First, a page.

The Republicans targeted him for extinction. He was not alone. In the last election cycle, three of his colleagues were thrown out of their judicial chairs.

But Wiggins survived. He fought back, not with crates of outside money or even with the assistance of PACS, but simply with his belief that judges should not, to begin with, be elected. Electing judges politicizes them. Wiggins believes, and said so, that jurists should not be pressured by everyday paybacks and influence peddling. That judges should stand proudly above the law, in order to deliver, eventually, unencumbered decisions that benefit all.

Iowa voters listened, thought, and admired his stand. Judge Wiggins is still on the bench, and will be sworn in again in January.

This is entirely a matter of long-held American beliefs and practice. The election of judges around the country is part and parcel of the proposition/recall/impeachment plan. One of the least effective ways to secure impartial justice is to elect judges that are beholden to special interest groups. Even the US Chamber of Commerce admits that people in business with business before a court who had contributed to the sitting judges’ campaign are likely to get preferential treatment. This is not what America is about.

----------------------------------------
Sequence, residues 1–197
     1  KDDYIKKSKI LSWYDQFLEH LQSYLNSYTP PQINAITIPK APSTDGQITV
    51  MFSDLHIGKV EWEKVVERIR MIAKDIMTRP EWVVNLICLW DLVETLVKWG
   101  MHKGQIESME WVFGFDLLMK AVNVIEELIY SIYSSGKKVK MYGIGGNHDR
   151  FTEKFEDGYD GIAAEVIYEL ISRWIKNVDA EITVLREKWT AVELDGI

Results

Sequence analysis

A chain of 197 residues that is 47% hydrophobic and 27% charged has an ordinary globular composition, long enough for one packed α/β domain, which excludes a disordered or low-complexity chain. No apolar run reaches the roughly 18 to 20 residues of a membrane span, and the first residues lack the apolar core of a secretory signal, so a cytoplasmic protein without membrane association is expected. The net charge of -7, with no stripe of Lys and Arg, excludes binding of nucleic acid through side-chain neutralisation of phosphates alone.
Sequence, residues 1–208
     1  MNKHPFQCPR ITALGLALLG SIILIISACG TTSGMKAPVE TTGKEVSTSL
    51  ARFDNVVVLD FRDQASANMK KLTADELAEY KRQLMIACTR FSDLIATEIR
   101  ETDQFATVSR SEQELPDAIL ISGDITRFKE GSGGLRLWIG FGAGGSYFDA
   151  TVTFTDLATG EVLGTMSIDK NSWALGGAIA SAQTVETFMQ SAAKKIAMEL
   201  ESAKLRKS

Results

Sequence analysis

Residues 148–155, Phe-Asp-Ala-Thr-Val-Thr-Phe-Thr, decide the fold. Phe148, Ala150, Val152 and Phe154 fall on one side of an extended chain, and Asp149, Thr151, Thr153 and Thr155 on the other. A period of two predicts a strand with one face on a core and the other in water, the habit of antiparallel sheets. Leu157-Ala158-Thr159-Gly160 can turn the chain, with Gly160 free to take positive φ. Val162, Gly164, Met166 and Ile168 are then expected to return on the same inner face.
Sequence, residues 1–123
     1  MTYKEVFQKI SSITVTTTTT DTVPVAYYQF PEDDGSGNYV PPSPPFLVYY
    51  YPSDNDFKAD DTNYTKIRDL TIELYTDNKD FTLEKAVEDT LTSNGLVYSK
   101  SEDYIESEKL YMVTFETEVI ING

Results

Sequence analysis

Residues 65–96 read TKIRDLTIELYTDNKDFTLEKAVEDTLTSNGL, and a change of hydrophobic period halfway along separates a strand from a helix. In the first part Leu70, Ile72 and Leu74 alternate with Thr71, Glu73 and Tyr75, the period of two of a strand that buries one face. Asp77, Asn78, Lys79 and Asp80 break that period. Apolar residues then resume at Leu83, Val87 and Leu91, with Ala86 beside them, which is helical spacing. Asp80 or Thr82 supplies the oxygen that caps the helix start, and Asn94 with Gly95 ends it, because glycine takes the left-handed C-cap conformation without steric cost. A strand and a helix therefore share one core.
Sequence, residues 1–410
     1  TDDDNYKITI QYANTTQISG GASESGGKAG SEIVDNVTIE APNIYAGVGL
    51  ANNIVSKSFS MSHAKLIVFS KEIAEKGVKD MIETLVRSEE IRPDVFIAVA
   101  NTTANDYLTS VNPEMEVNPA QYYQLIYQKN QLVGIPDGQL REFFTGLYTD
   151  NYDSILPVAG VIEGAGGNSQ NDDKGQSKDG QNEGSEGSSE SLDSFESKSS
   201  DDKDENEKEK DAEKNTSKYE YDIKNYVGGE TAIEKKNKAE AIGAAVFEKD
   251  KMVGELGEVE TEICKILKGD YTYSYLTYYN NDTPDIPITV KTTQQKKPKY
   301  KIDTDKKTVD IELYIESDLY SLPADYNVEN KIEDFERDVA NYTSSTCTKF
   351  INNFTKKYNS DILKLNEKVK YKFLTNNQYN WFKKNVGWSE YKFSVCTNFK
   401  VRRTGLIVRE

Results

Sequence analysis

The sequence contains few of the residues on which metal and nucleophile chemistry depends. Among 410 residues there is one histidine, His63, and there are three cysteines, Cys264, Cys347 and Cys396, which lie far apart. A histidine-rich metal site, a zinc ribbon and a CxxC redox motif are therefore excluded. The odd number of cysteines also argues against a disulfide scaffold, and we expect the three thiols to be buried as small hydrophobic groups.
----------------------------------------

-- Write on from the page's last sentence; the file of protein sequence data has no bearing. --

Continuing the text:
What do we citizens get for our 24/7 attention to political detail?

Firstly, an unceasing amount of noise. The years ahead are likely, largely because of our 24/7 news cycle, to be loud and contentious. But that also means they are years where to be alive matters, where to be informed counts, when to be concerned daily about national problems, neighborhood problems, international problems can create new directions and solutions for us all.

And in this process, we are likely to find more David Wiggins, men and women of character and strength who matter to our daily lives. We are, happily and not, we think, naively, likely to find men and women who want to serve their country without first checking on healthcare for their own families, retirement benefits for their own families, tax perks for their families. We may actually end up with what was once called “a few good men” only in this case, we can hope for more than a few men and women of value, honesty, and strength.

With these new leaders, we may have a real shot at changing the country we have come to revere once more into a country we can love and be proud of.

But only if we stay hard at it.